Typhoid fever is endemic across sub-Saharan Africa. However, estimates of the burden of typhoid are undermined by insufficient blood volumes and lack of sensitivity of blood culture. Here, we aimed to address this limitation by exploiting pre-enrichment culture followed by PCR, alongside routine blood culture to improve typhoid case detection. We carried out a prospective diagnostic cohort study and enrolled children (aged 0-4 years) with non-specific febrile disease admitted to a tertiary hospital in Blantyre, Malawi from August 2014 to July 2016. Blood was collected for culture (BC) and real-time PCR after a pre-enrichment culture in tryptone soy broth and ox-bile. DNA was subjected to PCR for invA (Pan-Salmonella), staG (S. Typhi), and fliC (S. Typhimurium) genes. A positive PCR was defined as invA plus either staG or fliC (CT<29). IgM and IgG ELISA against four S. Typhi antigens was also performed. In total, 643 children (median age 1.3 years) with nonspecific febrile disease were enrolled; 31 (4.8%) were BC positive for Salmonella (n = 13 S. Typhi, n = 16 S. Typhimurium, and n = 2 S. Enteritidis). Pre-enrichment culture of blood followed by PCR identified a further 8 S. Typhi and 15 S. Typhimurium positive children. IgM and IgG titres to the S. Typhi antigen STY1498 (haemolysin) were significantly higher in children that were PCR positive but blood culture negative compared to febrile children with all other non-typhoid illnesses. The addition of pre-enrichment culture and PCR increased the case ascertainment of invasive Salmonella disease in children by 62-94%. These data support recent burden estimates that highlight the insensitivity of blood cultures and support the targeting of pre-school children for typhoid vaccine prevention in Africa. Blood culture with real-time PCR following pre-enrichment should be used to further refine estimates of vaccine effectiveness in typhoid vaccine trials.
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http://dx.doi.org/10.1371/journal.pntd.0007539DOI Listing
http://www.ncbi.nlm.nih.gov/pmc/articles/PMC6663031PMC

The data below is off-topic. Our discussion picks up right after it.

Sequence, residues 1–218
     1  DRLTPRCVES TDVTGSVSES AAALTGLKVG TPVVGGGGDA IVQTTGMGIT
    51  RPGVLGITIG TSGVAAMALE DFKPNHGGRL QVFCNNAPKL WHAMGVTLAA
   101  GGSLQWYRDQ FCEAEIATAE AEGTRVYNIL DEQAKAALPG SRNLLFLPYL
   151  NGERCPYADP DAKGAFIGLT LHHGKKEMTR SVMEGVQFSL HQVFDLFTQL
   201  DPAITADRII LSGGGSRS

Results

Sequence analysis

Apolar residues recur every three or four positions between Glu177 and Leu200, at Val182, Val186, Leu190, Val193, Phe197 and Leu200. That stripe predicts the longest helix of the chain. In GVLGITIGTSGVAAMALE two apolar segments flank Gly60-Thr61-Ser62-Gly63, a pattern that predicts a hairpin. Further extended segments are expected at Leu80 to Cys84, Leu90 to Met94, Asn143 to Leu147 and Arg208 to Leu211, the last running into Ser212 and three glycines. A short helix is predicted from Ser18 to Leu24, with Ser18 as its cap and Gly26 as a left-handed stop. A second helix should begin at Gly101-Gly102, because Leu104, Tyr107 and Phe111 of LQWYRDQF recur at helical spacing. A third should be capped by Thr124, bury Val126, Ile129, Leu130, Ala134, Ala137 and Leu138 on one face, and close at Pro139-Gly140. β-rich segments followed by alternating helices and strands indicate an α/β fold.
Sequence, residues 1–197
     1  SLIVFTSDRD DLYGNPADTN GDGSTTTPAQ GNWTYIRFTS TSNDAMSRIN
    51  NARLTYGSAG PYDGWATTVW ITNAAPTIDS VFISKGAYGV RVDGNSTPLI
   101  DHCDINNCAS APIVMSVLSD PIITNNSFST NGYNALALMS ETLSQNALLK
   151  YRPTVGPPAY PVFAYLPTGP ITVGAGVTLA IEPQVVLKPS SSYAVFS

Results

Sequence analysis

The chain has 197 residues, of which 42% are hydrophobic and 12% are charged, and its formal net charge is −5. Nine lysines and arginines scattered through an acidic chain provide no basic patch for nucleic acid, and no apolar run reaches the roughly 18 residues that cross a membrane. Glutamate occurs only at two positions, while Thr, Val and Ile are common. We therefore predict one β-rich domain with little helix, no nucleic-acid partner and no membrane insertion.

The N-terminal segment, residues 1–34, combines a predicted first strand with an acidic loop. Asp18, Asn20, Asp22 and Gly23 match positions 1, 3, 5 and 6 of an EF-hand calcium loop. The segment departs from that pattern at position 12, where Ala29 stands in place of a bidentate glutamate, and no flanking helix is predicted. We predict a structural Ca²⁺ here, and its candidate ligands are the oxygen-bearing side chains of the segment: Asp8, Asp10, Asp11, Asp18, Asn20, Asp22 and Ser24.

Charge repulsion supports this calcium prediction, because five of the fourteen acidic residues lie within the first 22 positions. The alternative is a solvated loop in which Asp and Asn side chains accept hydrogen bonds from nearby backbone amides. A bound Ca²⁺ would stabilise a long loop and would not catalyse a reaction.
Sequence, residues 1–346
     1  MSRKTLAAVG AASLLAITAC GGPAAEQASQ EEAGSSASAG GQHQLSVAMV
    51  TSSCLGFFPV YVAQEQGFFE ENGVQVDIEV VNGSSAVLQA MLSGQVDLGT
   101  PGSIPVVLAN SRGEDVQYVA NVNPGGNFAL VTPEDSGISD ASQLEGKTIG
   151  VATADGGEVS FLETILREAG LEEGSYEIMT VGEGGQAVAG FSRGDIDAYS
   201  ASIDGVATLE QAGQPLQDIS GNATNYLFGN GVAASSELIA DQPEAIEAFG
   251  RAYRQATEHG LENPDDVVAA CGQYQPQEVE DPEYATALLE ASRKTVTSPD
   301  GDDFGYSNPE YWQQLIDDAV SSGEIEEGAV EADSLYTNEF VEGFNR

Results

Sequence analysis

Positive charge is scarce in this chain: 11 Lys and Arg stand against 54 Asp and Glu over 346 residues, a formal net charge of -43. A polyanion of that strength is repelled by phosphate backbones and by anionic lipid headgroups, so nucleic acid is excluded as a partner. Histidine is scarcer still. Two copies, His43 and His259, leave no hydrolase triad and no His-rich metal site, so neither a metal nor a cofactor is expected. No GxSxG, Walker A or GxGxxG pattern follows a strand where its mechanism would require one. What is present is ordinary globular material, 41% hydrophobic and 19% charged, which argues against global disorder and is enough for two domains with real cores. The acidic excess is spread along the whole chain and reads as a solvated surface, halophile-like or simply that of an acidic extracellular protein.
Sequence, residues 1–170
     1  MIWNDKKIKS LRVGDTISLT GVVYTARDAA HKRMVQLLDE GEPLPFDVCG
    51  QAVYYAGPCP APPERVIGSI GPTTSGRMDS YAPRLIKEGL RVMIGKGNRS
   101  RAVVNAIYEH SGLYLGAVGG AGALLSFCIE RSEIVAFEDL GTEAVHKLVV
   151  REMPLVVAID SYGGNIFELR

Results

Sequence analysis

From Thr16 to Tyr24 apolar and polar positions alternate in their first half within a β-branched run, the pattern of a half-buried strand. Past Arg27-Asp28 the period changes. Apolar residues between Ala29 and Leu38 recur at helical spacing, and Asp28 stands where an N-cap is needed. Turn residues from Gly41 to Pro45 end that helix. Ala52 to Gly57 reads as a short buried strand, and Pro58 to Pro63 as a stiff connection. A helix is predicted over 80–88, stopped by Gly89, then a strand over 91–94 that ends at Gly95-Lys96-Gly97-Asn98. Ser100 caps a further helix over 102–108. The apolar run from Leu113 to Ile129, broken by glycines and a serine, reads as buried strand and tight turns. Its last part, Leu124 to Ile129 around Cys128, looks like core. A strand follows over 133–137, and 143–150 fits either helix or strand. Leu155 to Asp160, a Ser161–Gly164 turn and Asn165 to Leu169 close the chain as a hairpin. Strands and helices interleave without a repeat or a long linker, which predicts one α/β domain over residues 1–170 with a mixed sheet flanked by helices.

July 2019

Microinvasion by Streptococcus pneumoniae induces epithelial innate immunity during colonisation at the human mucosal surface.

Nat Commun 2019 07 16;10(1):3060. Epub 2019 Jul 16.

Division of Infection and Immunity, University College London, London, UK.

Control of Streptococcus pneumoniae colonisation at human mucosal surfaces is critical to reducing the burden of pneumonia and invasive pneumococcal disease, interrupting transmission, and achieving herd protection. Here, we use an experimental human pneumococcal carriage model (EHPC) to show that S. pneumoniae colonisation is associated with epithelial surface adherence, micro-colony formation and invasion, without overt disease. Interactions between different strains and the epithelium shaped the host transcriptomic response in vitro. Using epithelial modules from a human epithelial cell model that recapitulates our in vivo findings, comprising of innate signalling and regulatory pathways, inflammatory mediators, cellular metabolism and stress response genes, we find that inflammation in the EHPC model is most prominent around the time of bacterial clearance. Our results indicate that, rather than being confined to the epithelial surface and the overlying mucus layer, the pneumococcus undergoes micro-invasion of the epithelium that enhances inflammatory and innate immune responses associated with clearance.
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http://dx.doi.org/10.1038/s41467-019-11005-2DOI Listing
http://www.ncbi.nlm.nih.gov/pmc/articles/PMC6635362PMC
July 2019

One-year Mortality Outcomes From the Advancing Cryptococcal Meningitis Treatment for Africa Trial of Cryptococcal Meningitis Treatment in Malawi.

Clin Infect Dis 2020 01;70(3):521-524

Centre for Global Health, Institute for Infection and Immunity, St George's University of London, United Kingdom.

In Malawi, 236 participants from the Advancing Cryptococcal Meningitis Treatment for Africa trial were followed for 12 months. The trial outcomes reported at 10 weeks were sustained to 1 year. One-week amphotericin B plus flucytosine was associated with the lowest 1 year mortality (27.5% [95% confidence interval, 16.3 to 44.1]).
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http://dx.doi.org/10.1093/cid/ciz454DOI Listing
http://www.ncbi.nlm.nih.gov/pmc/articles/PMC7105249PMC
January 2020